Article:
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A semi-evergreen shrub often forming matted scrub about 1 ft high, but in good soil and other conditions it is to be found 3 to 6 ft (rarely 12 ft) high. Leaves almost sessile, 1 to 2 in. long, oval, rounded or subcordate at the base, spiny-toothed, more or less matted at first with grey, stellate down beneath; veins and marginal teeth in four to seven pairs, the latter triangular and spiny-pointed. Acorns about 1 in. long, ovoid, about two-thirds enclosed by the cup which is on a stalk 1⁄2 in. long.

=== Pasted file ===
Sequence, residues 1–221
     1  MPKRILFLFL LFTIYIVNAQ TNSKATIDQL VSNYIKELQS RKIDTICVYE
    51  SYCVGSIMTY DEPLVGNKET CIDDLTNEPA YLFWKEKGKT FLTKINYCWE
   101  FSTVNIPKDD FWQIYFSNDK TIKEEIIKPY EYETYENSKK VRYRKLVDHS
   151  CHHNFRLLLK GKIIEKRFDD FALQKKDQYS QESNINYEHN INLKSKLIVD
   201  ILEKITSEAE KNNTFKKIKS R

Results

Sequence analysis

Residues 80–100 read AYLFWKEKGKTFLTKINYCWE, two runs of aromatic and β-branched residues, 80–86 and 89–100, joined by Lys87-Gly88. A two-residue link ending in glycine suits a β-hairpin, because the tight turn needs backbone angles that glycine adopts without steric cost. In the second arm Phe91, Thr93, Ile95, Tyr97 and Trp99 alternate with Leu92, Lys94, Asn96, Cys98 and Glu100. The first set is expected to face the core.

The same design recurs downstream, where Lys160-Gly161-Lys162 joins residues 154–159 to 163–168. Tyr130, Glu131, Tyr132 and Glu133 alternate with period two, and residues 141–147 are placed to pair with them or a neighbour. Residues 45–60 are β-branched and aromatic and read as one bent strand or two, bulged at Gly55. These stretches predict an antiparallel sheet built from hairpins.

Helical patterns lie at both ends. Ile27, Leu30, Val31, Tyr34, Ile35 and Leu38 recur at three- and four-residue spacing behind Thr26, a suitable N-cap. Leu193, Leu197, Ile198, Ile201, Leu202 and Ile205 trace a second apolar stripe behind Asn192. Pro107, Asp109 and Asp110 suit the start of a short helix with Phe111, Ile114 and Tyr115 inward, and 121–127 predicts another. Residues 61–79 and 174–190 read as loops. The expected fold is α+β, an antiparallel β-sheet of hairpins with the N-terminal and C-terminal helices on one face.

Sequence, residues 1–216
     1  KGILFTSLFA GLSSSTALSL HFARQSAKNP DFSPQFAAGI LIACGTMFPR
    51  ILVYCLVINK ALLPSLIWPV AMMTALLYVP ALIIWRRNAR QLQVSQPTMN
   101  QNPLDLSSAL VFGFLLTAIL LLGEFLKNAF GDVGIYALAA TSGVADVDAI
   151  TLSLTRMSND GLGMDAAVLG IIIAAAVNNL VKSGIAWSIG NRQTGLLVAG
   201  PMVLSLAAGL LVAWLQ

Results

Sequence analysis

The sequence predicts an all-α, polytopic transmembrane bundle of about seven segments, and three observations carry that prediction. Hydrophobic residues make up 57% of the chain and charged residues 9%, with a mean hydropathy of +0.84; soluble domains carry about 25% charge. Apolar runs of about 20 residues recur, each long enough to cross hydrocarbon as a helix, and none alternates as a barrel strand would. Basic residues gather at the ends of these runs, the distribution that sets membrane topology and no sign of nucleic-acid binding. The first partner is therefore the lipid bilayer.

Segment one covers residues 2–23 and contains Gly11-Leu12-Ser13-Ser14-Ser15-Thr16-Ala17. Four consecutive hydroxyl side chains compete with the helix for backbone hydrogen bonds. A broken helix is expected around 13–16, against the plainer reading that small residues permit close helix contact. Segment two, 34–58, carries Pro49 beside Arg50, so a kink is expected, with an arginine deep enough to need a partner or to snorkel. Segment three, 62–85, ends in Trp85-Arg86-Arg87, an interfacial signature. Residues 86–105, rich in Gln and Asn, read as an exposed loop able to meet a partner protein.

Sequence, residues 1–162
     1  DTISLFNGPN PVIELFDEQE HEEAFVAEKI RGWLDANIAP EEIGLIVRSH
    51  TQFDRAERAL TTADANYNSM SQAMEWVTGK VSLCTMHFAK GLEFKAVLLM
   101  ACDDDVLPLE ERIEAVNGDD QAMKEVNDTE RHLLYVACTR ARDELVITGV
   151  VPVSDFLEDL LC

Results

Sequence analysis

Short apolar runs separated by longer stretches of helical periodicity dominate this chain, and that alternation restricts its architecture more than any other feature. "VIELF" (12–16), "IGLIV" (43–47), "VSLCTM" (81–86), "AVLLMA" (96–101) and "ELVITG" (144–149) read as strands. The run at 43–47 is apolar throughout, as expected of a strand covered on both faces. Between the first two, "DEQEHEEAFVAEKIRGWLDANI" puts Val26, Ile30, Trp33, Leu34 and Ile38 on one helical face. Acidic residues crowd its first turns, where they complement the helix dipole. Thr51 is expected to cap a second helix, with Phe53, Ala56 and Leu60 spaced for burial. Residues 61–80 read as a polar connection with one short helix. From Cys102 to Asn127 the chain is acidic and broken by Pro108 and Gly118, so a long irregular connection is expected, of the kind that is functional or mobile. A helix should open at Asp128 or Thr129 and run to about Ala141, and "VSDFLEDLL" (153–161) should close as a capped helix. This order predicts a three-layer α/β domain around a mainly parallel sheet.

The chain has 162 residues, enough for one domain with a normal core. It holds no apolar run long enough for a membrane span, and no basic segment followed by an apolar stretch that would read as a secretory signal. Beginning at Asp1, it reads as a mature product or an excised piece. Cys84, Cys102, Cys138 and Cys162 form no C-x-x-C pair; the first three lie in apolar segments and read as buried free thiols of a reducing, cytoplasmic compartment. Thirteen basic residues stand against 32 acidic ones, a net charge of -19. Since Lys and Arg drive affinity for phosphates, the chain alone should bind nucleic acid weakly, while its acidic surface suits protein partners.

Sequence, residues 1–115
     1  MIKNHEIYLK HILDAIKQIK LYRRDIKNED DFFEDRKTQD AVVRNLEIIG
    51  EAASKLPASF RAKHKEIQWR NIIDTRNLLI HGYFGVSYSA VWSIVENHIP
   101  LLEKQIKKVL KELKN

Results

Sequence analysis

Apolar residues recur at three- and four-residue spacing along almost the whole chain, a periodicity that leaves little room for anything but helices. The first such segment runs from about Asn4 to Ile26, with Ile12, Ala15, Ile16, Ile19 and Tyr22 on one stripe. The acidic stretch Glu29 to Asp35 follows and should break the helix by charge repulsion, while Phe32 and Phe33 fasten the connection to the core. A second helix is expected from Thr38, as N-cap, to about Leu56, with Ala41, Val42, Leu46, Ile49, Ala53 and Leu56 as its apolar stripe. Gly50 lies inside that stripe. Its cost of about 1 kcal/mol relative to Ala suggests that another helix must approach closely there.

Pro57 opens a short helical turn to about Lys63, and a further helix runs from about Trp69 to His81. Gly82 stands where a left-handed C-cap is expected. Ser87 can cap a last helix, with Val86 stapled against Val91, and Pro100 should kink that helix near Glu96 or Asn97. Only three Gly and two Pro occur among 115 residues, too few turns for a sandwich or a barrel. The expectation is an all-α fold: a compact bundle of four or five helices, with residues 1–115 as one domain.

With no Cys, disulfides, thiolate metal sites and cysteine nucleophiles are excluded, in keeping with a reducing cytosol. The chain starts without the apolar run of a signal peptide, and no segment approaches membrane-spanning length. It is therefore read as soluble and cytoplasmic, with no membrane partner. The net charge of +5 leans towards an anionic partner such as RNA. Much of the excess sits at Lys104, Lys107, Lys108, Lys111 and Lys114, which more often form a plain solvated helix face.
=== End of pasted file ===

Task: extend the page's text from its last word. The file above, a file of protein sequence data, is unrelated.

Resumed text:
Native of the south-western part of the Iberian peninsula, and of N.W. Morocco. Near Lisbon it is, or used to be, abundant as matted scrub about 1 ft high. It was cultivated in the Milford Nurseries, near Godalming, as long ago as 1827, and an acorn-bearing shoot was figured in the Gardeners’ Chronicle, June 24, 1874, p. 113. The late Sir Oscar Warburg of Boidier, near Epsom, and Capt. Collingwood Ingram of Benenden, Kent, reintroduced this oak. It is hardy.